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What is this?

Hawaii shows a female dancing the Hula on a pedestal. She is surrounded by tropical motifs including palm tree, dolphins, pineapple, tropical fish, and volcanic mountains. Located beneath her are a figure on a surfboard and three bowls of poi. Hawaii is the birthplace of the hula dance and surfing.

Why is this in our collection?

This is one of six window shades created for the theater in the Hollywood Wing of Duke Farms in New Jersey. The original house, which dates to 1893, was the home of James Buchanan Duke, an industrialist who made his fortune in tobacco and hydroelectric power. Duke gained a competitive edge by being the first person to successfully use machines to roll cigarettes. The Hollywood Wing (1938–39) was added by his daughter, Doris Duke. The theater was designed by Thomas White Lamb, one of the foremost theater and cinema architects of the late 19th and early 20th century. Lamb designed many of the best-known theaters in New York City, including the Ziegfeld Theater (1927), Madison Square Garden (1925), and the... more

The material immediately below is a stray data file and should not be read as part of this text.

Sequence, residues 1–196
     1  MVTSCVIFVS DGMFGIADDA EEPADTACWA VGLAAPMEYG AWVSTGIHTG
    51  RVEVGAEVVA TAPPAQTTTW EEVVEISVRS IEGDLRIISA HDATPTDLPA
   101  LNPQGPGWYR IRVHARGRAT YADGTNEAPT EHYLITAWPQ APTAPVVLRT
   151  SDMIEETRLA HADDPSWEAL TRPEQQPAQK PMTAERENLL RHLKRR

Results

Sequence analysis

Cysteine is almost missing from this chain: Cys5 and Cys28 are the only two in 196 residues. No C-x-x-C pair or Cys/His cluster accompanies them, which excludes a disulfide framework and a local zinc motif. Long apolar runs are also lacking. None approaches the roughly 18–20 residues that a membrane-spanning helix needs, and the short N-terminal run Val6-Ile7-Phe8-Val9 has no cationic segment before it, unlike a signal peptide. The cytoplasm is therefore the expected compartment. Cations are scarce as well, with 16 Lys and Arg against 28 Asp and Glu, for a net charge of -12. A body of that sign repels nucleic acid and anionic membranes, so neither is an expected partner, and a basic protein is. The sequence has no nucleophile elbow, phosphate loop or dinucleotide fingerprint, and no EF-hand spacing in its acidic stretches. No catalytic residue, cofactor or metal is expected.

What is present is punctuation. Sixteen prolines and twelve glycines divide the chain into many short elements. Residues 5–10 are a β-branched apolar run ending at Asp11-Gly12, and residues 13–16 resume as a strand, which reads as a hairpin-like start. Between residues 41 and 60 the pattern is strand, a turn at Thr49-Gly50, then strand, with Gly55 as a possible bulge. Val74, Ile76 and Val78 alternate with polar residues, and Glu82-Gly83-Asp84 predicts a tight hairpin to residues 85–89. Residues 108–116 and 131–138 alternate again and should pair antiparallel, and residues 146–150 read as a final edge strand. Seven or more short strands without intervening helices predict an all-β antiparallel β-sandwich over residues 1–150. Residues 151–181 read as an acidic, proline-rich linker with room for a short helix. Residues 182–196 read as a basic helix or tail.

This is a window shade. It is dated 1938–39 and we acquired it in 2009. Gift of Doris Duke Charitable Foundation. This object is currently resting in our storage facility ZZZZZZZZZZZZZZZZZZZZZZZZZZZZZZZZZZZZZZZZZZZZZZZZZZZ

Its medium is

hand painted on canvas

Its dimensions are

L x W: 518.2 x 162.6 cm (17 ft. x 5 ft. 4 in.)

This object was donated by Doris Duke Charitable Foundation

See more stuff from the Wallcoverings department.

Do you have your own photos of this object? Are they online somewhere, like Flickr or Instagram? Or have you created a 3D model of one of our objects in SketchUp or Thingiverse? If so then then tag them with ch:object=18733661 and we will connect ours to yours!

If you would like to cite this object in a Wikipedia article please use the following template:

<ref name=CH>{{cite web |url=http://collection.cooperhewitt.org/objects/18733661/ |title=Window Shade, "Hawaii", 1938–39 |author=Cooper Hewitt, Smithsonian Design Museum |accessdate=2 September 2014 |publisher=Smithsonian Institution}}</ref>

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